“You were back in Sarasota,” she says. Her voice is measured and calm. “On the night of the fire.”

“Who were they?” I ask.

She knows I mean the shadow figures. “I don’t know.”

“Who locked the door?”

“I don’t know.” My mother holds me closer. “You had a bad dream, Ariella. It’s over now.”

Was it a dream?
I wonder.
Is it over?

A few days before my fourteenth birthday, I awoke in a glass coffin, a chamber used for oxygen therapy to treat smoke inhalation. On another floor of the hospital, my father recovered inside a similar device.

The third person rescued by the Sarasota firefighters was Malcolm Lynch, an old friend of my father’s. The emergency medical technicians reported finding a driver’s license in his wallet. But when their van reached the hospital, the stretcher was empty.

The investigators said the fire had been caused by ethyl ether, a highly flammable liquid. They found an empty canister in the kitchen, but they weren’t able to trace its source.

Those are facts that others have told me. When I think about the fire, my recollections come out of order. I remember waking up in the hospital. Then I recall the day before the fire—Malcolm, a tall blond man in a tailored suit, stood in the living room, telling my father without apology that he’d killed my best friend.

The experience of the fire itself? I don’t know if what I recall is a memory, or only a bad dream.

In My Mother’s House
Chapter One

t was the year of disappearances. The honeybees were the first to go.

The stacks of old white cabinets kept near the herb gardens were eerily still. Normally the air around them shimmered with hundreds of bees moving from hives to flowers and back again, and as I approached, a scout or two would fly out to meet me, hover over my forehead, their buzz barely audible above the others’ collective hum. The bees knew me and could smell that I wasn’t afraid. Sometimes I closed my eyes and stretched out my hands, felt the air around me throb with the vibrations of tiny wings, even felt the brush of wings against the hairs on my forearm. I’d never been stung.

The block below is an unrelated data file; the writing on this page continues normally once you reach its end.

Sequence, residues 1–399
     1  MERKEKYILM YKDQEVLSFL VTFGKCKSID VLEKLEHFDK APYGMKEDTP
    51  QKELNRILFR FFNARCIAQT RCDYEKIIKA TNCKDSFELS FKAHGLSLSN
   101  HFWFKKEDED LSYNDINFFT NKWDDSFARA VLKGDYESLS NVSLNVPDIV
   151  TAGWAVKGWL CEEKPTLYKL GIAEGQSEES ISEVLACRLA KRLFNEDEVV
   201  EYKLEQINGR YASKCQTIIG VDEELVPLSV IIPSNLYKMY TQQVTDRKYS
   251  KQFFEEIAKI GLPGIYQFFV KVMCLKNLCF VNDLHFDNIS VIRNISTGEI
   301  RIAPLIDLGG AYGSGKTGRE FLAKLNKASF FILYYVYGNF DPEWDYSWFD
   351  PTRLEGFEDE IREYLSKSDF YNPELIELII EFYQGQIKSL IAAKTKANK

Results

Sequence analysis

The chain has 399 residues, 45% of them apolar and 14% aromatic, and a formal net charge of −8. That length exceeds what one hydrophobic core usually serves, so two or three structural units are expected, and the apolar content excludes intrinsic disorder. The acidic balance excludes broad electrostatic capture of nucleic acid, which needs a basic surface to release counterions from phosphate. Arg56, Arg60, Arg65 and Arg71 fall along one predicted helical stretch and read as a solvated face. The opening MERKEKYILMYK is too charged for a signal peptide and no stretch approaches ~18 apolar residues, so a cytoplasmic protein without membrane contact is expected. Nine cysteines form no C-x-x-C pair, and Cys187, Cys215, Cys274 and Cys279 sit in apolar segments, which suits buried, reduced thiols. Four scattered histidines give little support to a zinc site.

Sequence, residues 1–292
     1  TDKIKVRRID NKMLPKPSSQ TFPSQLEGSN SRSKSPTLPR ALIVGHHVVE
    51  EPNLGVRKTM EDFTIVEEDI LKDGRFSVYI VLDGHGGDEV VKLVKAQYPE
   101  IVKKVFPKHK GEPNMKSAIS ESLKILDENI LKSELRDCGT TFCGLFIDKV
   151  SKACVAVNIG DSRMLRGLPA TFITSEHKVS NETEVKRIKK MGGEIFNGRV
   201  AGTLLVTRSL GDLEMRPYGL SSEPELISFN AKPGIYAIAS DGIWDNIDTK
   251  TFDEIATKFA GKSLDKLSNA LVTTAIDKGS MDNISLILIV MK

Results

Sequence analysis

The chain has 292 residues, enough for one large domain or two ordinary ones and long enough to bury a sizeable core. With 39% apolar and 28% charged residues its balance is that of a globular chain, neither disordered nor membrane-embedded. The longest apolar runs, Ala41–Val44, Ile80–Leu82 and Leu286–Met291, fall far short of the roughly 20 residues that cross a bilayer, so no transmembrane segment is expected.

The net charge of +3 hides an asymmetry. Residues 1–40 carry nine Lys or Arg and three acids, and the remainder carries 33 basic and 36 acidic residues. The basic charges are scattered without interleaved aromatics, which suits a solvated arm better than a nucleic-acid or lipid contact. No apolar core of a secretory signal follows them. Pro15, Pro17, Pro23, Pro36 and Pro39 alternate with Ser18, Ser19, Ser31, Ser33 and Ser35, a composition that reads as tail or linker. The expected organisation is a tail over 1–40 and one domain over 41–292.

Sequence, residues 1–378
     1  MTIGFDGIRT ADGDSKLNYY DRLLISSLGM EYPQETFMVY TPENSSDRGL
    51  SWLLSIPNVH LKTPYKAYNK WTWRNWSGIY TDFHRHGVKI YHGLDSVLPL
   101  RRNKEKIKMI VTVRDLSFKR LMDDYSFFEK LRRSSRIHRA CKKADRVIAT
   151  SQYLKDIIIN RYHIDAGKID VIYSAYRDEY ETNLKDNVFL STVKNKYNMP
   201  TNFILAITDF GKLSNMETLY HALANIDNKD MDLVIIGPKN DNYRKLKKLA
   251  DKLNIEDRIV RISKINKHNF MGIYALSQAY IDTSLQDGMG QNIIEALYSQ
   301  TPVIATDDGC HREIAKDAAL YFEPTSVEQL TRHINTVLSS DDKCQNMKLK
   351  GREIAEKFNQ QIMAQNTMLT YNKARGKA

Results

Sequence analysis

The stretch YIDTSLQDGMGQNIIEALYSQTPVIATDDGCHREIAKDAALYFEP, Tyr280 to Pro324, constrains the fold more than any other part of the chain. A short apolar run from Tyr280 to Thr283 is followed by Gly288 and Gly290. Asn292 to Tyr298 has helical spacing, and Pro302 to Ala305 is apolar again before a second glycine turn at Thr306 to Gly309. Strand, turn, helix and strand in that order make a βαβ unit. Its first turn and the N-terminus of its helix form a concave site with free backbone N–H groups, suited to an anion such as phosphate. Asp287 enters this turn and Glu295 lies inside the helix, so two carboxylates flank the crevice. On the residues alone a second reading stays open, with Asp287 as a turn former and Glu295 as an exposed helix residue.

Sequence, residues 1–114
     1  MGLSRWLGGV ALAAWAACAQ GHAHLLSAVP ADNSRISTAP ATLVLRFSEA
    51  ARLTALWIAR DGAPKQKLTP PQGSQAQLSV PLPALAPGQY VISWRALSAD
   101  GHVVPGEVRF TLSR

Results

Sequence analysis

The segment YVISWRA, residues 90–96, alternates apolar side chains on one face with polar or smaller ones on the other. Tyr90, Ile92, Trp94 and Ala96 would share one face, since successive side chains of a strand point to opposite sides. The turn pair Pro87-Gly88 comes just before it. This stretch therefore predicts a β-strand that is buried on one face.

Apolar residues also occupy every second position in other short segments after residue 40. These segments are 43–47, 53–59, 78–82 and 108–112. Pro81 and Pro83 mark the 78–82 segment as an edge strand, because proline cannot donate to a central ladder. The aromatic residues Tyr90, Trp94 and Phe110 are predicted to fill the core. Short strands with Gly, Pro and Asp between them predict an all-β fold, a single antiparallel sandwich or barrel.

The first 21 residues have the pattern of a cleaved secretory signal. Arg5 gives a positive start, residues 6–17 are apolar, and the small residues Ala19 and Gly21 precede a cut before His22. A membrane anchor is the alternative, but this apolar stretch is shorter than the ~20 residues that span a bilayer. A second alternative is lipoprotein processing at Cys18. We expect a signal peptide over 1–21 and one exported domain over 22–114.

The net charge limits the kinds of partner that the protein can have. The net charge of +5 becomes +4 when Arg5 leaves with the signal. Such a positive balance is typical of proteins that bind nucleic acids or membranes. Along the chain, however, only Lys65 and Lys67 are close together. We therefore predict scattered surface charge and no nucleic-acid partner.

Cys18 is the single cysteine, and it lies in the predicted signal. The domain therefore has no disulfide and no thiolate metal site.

But that day in August, no scout approached me. The air was quiet except for the faint shuffling of saw palmetto leaves down by the river. When I drew closer to the hives, I saw a dozen or so bees, walking in erratic circles. Others lay on the ground, dead.

I lifted the cover of a hive and pulled out a frame. Instead of fuzzy worker bees moving purposefully over golden combs, a few bees crawled haphazardly along the cells, as if it hurt them to move. Some were missing wings. The honey looked dark and smelled pungent, more sour than sweet. I saw no sign of the queen.

In July, a hurricane had blasted through Florida’s Citrus County, leaving behind twisted trees and broken houses. My mother’s house was one of several in Homosassa Springs to lose its roof. A companion tornado took out walls and windows, along with the stables, a guesthouse, and most of the gardens. We’d lost furniture, clothing, and books, but somehow the kitchen survived intact, and none of us had been harmed.

Now a blue tarpaulin shrouded what remained of our home. When I woke in the morning and looked up at the wrinkled plastic overhead, my first sense was of displacement—where was I?—then of being in storage, under wraps, waiting for life to begin again.

Every morning brought the harsh sounds of reconstruction. My mother worked alongside a hired crew clearing away debris and making repairs to the house’s frame. To complement the machines and hammers, the workers played a portable radio; they preferred an oldies channel that mixed pop with heavy metal, so most days I awoke to the sound of Iron Maiden or Steely Dan or Led Zeppelin (eternally playing “Stairway to Heaven”).